Local human security: Many urban and rural communities struggle to manage the resource nexus at a local level. Access to water, food, land, and energy are central challenges in people’s everyday lives in the resource nexus on the ground. Resource depletion and environmental degradation can therefore lead to local competition for resources, migration, violence, terrorism, and the emergence of ungovernable spaces, with the potential for international repercussions. Water provision for growing mega-cities, for example, competes with agricultural and mining uses, while climate change threatens rural livelihoods.
This report proposes four areas for further analysis, debate, and action:
1. "Getting our own house in order" focuses on responses within and among the EU, the United States, and Canada. These include doubling resource efficiency in less than 20 years; working together to transition toward sustainable energy systems; coordinating efforts to properly price resources by reducing unsustainable subsidies and pricing carbon and resources; rethinking our ideas of “the good life” and economic growth based on ever-increasing resource consumption; working together to resolve disputes in the transatlantic neighbourhood; and reinvesting in global leadership by ratifying treaties and reforming transatlantic and global institutions.
2. Engaging "the wider Atlantic" seeks to expand the common notion of transatlanticism where resource issues are concerned, and draws inspiration from the observation that the Atlantic Basin – North and South – is endowed with substantial reserves of energy fuels and minerals, and opportunities to increase sustainable agricultural production and food security.
Early-stage projects might include establishing knowledge centres for coordinating mapping of resources reserves and extraction rates and agricultural production, fisheries management, and water trends. Other initiatives may include improved coordination of development and technological initiatives, such as new biofuels. Finally, a host of inter-state disputes and transnational security challenges need sustained, high level attention.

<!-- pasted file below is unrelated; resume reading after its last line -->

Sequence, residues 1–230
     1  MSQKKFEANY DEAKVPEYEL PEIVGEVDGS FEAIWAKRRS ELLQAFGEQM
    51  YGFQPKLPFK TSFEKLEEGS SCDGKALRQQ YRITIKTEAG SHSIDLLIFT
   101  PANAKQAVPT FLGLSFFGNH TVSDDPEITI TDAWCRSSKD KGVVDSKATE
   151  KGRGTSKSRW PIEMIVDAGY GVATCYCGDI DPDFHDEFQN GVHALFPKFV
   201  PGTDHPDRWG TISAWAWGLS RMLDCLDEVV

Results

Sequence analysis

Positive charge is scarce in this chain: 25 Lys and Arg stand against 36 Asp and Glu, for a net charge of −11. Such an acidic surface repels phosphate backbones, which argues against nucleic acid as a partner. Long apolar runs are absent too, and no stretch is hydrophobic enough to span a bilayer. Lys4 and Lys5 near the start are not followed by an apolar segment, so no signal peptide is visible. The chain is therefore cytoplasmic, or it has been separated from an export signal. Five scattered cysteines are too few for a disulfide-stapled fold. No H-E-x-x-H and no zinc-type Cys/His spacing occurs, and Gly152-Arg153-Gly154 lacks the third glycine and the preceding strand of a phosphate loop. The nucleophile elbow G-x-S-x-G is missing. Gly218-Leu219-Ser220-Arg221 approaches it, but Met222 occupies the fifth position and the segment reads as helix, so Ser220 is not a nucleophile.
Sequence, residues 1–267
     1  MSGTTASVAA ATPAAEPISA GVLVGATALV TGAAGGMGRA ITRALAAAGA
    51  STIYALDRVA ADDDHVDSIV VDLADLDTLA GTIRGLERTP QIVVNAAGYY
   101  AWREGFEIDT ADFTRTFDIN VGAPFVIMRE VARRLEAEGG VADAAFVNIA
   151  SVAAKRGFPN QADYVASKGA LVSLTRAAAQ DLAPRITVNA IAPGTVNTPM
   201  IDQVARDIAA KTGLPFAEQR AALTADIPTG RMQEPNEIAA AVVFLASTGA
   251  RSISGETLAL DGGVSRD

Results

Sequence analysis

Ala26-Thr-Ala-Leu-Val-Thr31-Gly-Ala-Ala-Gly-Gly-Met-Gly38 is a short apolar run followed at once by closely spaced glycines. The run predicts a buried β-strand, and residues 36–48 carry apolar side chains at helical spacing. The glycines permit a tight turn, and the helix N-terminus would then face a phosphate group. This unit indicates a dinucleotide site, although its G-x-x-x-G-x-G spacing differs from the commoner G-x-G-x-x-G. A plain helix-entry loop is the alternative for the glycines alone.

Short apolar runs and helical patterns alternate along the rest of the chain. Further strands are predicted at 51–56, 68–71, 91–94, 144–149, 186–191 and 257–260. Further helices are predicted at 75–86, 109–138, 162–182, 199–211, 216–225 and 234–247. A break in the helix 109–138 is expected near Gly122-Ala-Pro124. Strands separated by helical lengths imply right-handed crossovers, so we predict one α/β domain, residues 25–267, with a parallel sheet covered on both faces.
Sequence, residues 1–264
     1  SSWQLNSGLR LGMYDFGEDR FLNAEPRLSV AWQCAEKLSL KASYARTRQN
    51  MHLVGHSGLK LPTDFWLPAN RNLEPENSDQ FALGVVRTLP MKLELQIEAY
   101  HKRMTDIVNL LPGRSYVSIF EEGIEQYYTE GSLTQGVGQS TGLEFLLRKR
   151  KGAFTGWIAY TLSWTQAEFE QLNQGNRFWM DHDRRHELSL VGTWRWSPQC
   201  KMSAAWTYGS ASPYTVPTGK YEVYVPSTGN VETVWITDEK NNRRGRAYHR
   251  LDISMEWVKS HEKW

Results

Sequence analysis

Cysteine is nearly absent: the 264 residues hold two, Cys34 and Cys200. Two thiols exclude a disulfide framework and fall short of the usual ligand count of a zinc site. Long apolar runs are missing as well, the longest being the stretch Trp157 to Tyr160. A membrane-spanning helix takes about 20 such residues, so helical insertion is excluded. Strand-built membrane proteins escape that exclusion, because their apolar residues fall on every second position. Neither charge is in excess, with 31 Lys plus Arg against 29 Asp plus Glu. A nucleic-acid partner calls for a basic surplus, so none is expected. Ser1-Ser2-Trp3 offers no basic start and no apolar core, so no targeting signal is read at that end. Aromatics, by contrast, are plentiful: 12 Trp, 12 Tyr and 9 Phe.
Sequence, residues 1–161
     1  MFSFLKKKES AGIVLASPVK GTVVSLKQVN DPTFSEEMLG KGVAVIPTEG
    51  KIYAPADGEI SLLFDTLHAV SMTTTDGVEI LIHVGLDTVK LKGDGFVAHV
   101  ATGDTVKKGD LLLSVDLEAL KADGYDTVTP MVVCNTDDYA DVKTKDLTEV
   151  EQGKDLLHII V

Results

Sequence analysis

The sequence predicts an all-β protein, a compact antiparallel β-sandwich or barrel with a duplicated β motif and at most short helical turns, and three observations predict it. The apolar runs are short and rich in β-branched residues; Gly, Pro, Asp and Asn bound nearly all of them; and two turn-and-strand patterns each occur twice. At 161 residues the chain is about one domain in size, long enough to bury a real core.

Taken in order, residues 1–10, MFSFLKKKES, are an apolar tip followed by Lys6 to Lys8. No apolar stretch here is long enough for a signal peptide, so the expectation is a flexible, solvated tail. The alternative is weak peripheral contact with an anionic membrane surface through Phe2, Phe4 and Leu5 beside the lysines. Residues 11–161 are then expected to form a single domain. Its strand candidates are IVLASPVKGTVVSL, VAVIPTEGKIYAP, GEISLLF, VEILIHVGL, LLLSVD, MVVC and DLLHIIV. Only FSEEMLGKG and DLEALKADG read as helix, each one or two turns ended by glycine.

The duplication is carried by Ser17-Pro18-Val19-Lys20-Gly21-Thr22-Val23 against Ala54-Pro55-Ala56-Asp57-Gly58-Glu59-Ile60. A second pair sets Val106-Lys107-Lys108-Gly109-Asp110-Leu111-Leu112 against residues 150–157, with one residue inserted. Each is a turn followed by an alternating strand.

3. "Working with new players" offers ideas about how to better integrate transatlantic interests and concerns with those in rapidly growing developing countries and the many critical resource exporting states. Transatlantic leaders must redouble their efforts to engage China and India across the spectrum of resource nexus challenges.
Secondly, public and private actors in the transatlantic region have a host of shared interests in better integrating emerging market states and firms into effective institutions for supply chain management and a host of schemes for increased transparency, certification, and standards harmonization. Finally, engaging the new players offers opportunities to enhance cooperation on related security challenges.
4. "Strengthening global cooperation" argues that transatlantic actors must reinvest and reinvigorate some aspects of global institution building to address resource-related challenges. Such efforts should be directed at knowledge creation and globally-networked, participatory governance.
The report pleads for priorities to include an international data hub to provide harmonized data on different aspects of the resource nexus; a global food and water facility of helping to increase capital investments to expand food production, clean water, and sanitation; a network of training centres directed at resource management; guidelines on land-use governance; networks for global policy learning for the improved governance of cities; and the establishment of global, multi-stakeholder forums in collaboration with regional forums to raise the profile of the challenges associated with resource nexus governance. [IDN-InDepthNews – May 15, 2012]
2012 IDN-InDepthNews | Analysis That Matters
This article should not be republished or redistributed without the permission of the original author or copyright holder.